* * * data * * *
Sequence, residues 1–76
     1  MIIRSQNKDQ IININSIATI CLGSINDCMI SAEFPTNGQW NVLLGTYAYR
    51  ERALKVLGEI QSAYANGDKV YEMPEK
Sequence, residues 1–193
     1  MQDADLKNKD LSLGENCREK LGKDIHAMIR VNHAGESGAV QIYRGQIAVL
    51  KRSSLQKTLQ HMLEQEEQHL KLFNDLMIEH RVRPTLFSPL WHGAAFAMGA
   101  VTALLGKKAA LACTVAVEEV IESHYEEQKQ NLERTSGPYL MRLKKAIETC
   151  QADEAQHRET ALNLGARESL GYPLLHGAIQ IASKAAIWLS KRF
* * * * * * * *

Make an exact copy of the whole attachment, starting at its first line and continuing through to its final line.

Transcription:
Sequence, residues 1–76
     1  MIIRSQNKDQ IININSIATI CLGSINDCMI SAEFPTNGQW NVLLGTYAYR
    51  ERALKVLGEI QSAYANGDKV YEMPEK
Sequence, residues 1–193
     1  MQDADLKNKD LSLGENCREK LGKDIHAMIR VNHAGESGAV QIYRGQIAVL
    51  KRSSLQKTLQ HMLEQEEQHL KLFNDLMIEH RVRPTLFSPL WHGAAFAMGA
   101  VTALLGKKAA LACTVAVEEV IESHYEEQKQ NLERTSGPYL MRLKKAIETC
   151  QADEAQHRET ALNLGARESL GYPLLHGAIQ IASKAAIWLS KRF